Arlen Specter, the moderate Republican senator from Pennsylvania, this past week may have quashed organized labor's hopes for congressional passage this year of so-called "card check" legislation.
The bill, officially known as the Employee Free Choice Act, has been at the center of an all-out lobbying war between organized labor and business groups since Democrats reassumed control of Congress in 2007. The bill would make it easier for unions to organize workplaces; if a majority of workers sign cards signifying they want to join a union, the union automatically would be recognized.
Labor law requires the National Labor Relations Board to conduct an election if at least 30 percent of workers sign cards in favor of unionization. Employees then cast votes in private. The AFL-CIO and other labor groups say that makes it easier for employers to coerce workers. Business groups say the card-check system would make it easier for union activists to put pressure on co-workers. Both are correct.
The card check bill also would increase penalties against companies that retaliate against workers who try to organize a union. And it would require NLRB arbitration if companies and a newly formed union can't agree on a first contract.
The bill is expected to pass widely in the House. But Senate rules effectively require 60 votes for passage, since it takes 60 votes to close debate on a bill. Specter — who supported card check cloture in 2007 — became the 41st senator to announce he would not vote for cloture.
Specter, who faces reelection next year, is expected to face a primary challenge from former Rep. Patrick J. Toomey, now president of the ultra-conservative Club for Growth. Specter said politics played no role in his decision. He said current economic conditions make it difficult to vote for any bill that could increase labor costs or add to unemployment. He said he opposed "the elimination of the secret ballot, which is the cornerstone of how contests are decided in a democratic society."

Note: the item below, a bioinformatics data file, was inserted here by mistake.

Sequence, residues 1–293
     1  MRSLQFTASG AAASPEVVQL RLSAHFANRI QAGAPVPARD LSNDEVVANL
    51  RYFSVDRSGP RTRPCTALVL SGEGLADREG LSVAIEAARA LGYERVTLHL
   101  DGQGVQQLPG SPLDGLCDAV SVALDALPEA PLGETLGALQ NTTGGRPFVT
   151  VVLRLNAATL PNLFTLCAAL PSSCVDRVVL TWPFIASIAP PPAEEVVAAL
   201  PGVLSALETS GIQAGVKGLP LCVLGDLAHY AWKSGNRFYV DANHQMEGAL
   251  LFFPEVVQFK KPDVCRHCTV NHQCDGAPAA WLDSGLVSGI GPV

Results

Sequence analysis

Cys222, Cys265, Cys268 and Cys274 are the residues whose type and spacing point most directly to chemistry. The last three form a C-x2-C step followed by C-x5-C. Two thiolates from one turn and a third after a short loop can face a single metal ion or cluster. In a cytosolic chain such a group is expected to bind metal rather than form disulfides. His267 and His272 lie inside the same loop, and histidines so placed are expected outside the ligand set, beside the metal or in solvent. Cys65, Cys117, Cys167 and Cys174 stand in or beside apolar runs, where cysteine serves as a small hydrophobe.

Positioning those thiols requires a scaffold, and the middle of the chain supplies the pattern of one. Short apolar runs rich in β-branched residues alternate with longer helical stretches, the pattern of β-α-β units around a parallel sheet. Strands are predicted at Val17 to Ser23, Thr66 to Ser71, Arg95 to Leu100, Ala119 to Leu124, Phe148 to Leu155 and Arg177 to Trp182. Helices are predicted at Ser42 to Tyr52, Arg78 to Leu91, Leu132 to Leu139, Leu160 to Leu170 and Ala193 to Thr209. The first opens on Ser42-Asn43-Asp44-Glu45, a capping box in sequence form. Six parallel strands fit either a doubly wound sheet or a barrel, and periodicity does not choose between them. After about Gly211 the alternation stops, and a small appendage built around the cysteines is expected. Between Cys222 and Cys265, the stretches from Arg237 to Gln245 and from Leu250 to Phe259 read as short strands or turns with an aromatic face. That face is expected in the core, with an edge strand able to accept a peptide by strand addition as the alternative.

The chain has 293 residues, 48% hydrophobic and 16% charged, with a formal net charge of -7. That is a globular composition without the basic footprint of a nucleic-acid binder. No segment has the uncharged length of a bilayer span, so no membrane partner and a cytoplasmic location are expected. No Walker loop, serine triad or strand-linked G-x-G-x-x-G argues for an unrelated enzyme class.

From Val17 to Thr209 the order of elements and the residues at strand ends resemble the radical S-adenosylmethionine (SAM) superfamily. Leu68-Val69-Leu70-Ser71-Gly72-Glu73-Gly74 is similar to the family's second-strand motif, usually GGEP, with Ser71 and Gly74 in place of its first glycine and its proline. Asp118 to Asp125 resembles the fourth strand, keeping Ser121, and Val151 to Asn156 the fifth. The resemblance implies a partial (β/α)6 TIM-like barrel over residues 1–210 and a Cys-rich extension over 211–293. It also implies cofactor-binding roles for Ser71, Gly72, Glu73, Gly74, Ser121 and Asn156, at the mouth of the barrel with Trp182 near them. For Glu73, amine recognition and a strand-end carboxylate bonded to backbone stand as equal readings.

Indeed, the "sanctity of the secret ballot" has been a cornerstone of business groups' lobbying against the bill. It would be nice to think that's because of a commitment to the democratic process, but the reality is that the secret ballot makes it easier to divide and conquer the very foundation of organized labor: It's far easier to break one stick at a time than it is a handful of sticks.
A consortium of three companies with relatively progressive labor policies — Starbucks, Costco and Whole Foods — is pushing a compromise that would retain the secret ballot but expand penalties against coercion and allow union organizers more access to employees.
Labor officials, who at first rejected the compromise, might want to rethink that decision in light of Specter's decision. Or they could bide their time and focus on the 2010 Senate elections, when a large number of Republican seats will be in play. A cloture-proof 60-seat Democratic majority almost surely would help the card check bill to pass in 2011.
Business groups would be wise to grab the compromise while they can. Part of the reason for the economic crisis is that the balance between labor and management is severely out of whack. Fighting for unlimited executive pay, bonuses and perks while fighting to keep workers' wages down won't help their cause.
Reprinted From The St. Louis Post-Dispatch. Distributed By Creators Syndicate Inc.